In addition, the president signed a memorandum directing federal departments and agencies to create a preference for meat and poultry produced according to responsible antibiotic-use. The Presidential Food Service also committed to serving meats and poultry that have not been treated with hormones or antibiotics.  Separately, the Food and Drug Administration announced that it has finalized changes to the Veterinary Feed Directive regulation, an important piece of FDA’s overall strategy to promote the judicious use of medically important antibiotics in food-producing animals as it facilitates bringing the feed-use of such antibiotics under the oversight of licensed veterinarians.

The administration said May’s event builds on a number of steps the president has taken to combat antibiotic resistance. In September 2014, Obama signed an executive order prioritizing federal efforts to combat the rise in antibiotic-resistant bacteria. The administration also issued the National Strategy on Combating Antibiotic-Resistant Bacteria, and the President’s Council of Advisors on Science and Technology released a report with recommendations to address the crisis of the proliferation of antibiotic-resistant bacterial infections. In March 2015, the administration released the National Action Plan for Combating Antibiotic-Resistant Bacteria, a comprehensive plan that identifies critical actions for key federal departments and agencies to enhance diagnosis and treatment and limit the spread of antibiotic-resistant bacteria.

The Centers for Disease Control and Prevention estimates that drug-resistant bacteria cause 2 million illnesses and about 23,000 deaths each year in the United States alone.

A number of health care organizations made commitments to fight antibiotic resistance, include:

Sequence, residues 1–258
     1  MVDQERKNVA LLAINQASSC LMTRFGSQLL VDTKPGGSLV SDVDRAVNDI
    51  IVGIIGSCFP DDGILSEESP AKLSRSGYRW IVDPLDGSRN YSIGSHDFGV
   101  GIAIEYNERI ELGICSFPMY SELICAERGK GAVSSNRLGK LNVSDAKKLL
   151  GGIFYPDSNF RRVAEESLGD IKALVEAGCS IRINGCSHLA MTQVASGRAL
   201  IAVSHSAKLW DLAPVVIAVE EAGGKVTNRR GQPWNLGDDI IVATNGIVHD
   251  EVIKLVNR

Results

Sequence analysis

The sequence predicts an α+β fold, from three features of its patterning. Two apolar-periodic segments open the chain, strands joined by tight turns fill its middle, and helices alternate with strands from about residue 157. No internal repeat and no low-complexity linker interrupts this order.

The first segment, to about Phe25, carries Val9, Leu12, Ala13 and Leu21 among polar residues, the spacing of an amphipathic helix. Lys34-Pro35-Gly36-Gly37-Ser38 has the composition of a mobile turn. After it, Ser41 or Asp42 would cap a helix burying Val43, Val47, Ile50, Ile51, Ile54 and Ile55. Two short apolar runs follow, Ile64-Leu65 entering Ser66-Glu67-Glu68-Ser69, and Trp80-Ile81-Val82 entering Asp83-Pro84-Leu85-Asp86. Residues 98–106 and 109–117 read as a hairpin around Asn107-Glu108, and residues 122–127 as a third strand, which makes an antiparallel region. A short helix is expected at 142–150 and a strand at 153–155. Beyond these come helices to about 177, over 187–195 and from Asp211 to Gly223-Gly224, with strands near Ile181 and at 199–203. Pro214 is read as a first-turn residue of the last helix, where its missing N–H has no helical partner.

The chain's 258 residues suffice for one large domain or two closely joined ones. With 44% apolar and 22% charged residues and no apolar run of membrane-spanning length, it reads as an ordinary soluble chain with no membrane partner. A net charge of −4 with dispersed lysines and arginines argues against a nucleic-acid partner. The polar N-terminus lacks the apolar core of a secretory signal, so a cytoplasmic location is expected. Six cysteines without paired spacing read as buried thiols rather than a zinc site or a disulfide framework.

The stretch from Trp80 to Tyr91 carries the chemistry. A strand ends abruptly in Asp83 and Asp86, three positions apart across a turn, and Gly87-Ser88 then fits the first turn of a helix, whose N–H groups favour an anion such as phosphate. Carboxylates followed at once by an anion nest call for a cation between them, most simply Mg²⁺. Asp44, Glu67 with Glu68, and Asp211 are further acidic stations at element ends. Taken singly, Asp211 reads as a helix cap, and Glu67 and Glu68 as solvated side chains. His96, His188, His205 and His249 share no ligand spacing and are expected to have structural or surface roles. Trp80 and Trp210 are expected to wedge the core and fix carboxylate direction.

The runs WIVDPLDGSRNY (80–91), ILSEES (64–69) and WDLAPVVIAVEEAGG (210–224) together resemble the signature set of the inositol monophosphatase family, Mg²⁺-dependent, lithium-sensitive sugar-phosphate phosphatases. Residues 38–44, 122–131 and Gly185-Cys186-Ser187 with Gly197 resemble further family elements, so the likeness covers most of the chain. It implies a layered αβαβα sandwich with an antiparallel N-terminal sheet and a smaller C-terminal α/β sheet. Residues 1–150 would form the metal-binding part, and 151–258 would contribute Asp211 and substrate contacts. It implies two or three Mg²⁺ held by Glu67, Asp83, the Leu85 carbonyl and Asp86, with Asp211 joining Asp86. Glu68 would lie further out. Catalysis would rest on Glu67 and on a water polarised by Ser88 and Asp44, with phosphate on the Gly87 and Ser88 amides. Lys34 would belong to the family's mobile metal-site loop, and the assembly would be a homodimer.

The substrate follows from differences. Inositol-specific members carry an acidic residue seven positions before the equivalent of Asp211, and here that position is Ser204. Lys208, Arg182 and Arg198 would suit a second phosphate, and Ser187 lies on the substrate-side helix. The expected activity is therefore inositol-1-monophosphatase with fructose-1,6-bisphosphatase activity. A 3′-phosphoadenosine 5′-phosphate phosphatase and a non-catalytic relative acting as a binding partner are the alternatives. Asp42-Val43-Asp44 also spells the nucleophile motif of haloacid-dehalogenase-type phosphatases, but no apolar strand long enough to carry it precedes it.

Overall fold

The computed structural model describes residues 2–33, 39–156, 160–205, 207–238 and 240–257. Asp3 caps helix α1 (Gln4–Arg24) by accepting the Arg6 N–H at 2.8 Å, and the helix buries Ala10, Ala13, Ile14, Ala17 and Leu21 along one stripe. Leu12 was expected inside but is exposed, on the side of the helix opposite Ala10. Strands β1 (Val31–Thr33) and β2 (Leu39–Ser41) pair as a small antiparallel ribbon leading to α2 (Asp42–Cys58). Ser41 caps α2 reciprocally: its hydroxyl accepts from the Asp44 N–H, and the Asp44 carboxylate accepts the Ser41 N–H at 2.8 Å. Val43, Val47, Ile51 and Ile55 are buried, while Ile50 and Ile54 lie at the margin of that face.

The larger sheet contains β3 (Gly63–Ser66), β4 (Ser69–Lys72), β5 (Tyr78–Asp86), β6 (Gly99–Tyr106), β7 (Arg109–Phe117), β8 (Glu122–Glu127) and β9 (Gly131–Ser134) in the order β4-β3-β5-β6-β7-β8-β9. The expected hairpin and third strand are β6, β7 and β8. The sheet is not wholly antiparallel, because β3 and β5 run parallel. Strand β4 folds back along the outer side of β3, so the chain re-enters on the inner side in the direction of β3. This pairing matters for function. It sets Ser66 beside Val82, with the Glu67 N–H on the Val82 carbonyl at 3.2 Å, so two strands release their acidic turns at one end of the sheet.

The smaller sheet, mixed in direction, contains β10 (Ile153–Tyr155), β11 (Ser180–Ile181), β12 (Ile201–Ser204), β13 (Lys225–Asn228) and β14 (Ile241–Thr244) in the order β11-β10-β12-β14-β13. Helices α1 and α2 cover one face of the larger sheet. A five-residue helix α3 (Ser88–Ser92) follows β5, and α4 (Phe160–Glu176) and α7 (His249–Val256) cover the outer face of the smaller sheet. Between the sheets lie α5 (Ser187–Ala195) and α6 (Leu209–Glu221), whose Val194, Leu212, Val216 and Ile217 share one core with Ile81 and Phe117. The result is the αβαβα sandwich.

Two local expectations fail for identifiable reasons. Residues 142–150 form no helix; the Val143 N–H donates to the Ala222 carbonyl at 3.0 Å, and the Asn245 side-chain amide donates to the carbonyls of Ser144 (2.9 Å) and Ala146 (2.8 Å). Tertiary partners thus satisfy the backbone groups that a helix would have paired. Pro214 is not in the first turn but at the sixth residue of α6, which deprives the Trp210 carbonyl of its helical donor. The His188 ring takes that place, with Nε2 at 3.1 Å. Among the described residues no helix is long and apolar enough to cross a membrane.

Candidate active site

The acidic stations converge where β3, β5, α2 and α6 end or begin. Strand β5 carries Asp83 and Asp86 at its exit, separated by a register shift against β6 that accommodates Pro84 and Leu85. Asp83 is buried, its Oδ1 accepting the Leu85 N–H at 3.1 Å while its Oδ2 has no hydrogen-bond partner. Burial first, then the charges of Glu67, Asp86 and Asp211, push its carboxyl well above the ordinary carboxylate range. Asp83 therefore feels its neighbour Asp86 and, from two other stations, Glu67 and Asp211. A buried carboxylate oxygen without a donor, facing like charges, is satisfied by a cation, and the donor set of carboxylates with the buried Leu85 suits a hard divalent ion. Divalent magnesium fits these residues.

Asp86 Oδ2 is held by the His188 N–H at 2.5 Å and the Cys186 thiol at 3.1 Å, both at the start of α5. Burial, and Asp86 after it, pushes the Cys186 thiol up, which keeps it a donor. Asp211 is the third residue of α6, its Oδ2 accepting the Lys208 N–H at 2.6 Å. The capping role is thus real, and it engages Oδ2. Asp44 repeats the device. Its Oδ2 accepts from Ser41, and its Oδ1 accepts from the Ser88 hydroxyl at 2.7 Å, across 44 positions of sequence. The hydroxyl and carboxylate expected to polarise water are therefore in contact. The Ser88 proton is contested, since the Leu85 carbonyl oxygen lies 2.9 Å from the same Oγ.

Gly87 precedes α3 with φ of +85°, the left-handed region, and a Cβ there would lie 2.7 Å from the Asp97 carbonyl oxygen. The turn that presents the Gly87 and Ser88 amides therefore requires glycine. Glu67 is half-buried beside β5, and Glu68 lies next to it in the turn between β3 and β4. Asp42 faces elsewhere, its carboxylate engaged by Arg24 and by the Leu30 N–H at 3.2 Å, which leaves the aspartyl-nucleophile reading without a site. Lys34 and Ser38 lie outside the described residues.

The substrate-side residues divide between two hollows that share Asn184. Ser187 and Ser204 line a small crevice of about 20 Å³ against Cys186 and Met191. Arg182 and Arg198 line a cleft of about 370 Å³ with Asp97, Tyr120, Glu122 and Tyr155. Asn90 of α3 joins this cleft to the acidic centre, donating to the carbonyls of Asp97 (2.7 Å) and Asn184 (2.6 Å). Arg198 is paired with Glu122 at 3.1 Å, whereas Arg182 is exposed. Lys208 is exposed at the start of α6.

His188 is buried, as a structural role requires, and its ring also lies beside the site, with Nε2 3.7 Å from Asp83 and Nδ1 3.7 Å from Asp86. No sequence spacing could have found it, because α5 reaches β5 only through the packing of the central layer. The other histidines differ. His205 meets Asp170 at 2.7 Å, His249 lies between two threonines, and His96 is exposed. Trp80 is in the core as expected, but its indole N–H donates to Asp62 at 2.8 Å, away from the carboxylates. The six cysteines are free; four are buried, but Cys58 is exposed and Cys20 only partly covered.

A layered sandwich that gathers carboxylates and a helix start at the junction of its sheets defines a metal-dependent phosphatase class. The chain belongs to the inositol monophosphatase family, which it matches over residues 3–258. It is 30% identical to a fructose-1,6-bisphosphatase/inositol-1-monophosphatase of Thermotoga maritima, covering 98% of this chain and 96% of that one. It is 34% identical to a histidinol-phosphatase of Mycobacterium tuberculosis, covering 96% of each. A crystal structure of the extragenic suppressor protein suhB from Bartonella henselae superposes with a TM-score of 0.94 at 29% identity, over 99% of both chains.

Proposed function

Ascension Health will, establish facility-based antimicrobial stewardship programs in all its hospitals and adopt the CDC’s Core Elements of Hospital Antibiotic Stewardship Programs, submit antibiotic use and resistance data to CDC, plus regularly evaluate facility antibiograms (the result of a laboratory test for the sensitivity of an isolated bacterial strain to different antibiotics).

Hospital Corporation of America will develop and implement new clinical decision support and real-time antibiogram tracking to rapidly respond to lab results, catch bug-drug mismatches, implement strategy to prevent health care-associated infections in adult intensive care unit patients, and strengthen national efforts to identify and report cases of antibiotic resistance.

Intermountain Healthcare will reduce inappropriate outpatient antibiotic use for upper respiratory conditions by 50 percent by 2020, ensure all of its acute care hospitals have antimicrobial stewardship programs by the end of 2017, plus support telemedicine efforts to extend infectious disease expertise to rural healthcare settings.

Kaiser Permanente will support antibiotic stewardship programs and guide prescribing practices for antimicrobials at every Kaiser Medical Center with electronic alerts, order sets, etc.